I am no longer in the land of enumerators and evaluation launches, but I am in the land of signs that warn naive tourists like me to beware of fake monks that take advantage of our fascination with Buddhism and fresh coconut daiquiris.
So, future blogging on the potential of importing fake monks to Africa as a development intervention will come post-vacation on the 8th.
Enjoy some summertime relaxation without your google reader.
All of those times when I needed flash-sticks and fried chicken simultaneously, I wish I knew you were out there shawarma house.
Because the Sierra Leone Refugee Allstars, whose awesome music is embedded in their refugee identity, once played large American concerts, but have since been repatriated:
Say you are in Sierra Leone. And say you happen to commit a crime. Here is what you just might be officially charged with by the Sierra Leone Police and Ministry of Justice:
1. Entering quay without pass
2. Driving vehicle with defective trafficator light
4. Being found by night in a building with intent to commit a felony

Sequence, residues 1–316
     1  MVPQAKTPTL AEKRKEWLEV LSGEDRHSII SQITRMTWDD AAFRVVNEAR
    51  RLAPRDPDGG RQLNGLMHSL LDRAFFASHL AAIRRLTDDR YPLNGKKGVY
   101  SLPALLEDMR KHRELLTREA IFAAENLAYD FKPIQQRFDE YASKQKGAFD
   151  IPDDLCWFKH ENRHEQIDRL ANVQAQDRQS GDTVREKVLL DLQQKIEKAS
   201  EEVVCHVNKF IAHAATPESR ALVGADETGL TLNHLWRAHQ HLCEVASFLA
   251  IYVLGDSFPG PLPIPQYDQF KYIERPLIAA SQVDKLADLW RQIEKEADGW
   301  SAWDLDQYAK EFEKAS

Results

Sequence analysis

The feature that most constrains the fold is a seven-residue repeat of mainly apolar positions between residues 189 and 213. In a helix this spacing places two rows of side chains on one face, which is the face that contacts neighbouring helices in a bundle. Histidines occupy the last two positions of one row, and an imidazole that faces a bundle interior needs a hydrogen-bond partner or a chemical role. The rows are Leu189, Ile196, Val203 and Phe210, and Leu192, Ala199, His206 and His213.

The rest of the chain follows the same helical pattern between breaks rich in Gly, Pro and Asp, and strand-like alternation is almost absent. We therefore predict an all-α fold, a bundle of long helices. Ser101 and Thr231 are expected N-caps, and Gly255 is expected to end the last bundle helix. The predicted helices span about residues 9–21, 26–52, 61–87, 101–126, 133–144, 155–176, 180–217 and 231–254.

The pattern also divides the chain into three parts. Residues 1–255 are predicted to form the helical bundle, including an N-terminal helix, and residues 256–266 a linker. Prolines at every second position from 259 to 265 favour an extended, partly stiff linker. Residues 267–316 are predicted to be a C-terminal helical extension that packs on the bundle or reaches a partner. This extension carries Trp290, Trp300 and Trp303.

5. Being found drunk in the highway
6. Driving passengers and cattle at the same time
The hot new job in Sierra Leone: Selling live squirrels on the street.
Cost: 5 dollars. Value: priceless.
During the momentary blog disappearance, survey instruments were piloted, goat meat was eaten, and motorcycle rides through the mud were taken. Awesomely, it ended in a survey launch party where only the strongest enumerators proved their survey skills by, of course, singing karaoke.
1. UN Peacekeepers in the Congo upset that the Mai-Mai and FDLR join forces and outsmart them.
2. Starbucks to open office in Rwanda; development indicators shoot off the chart.
3. International Crisis Group drafts comprehensive strategy to disarm FDLR in the DRC; stakeholders excited that this might lead to another conference.
4. Switzerland refuses to extradite Rwandan genocidaire; question of judicial impartiality in Rwanda continues to piss of judicials in Rwanda.
5. South African peacekeeping contingency in Burundi starts packing up; overcharging bars in Bujumbura fearful of economic future.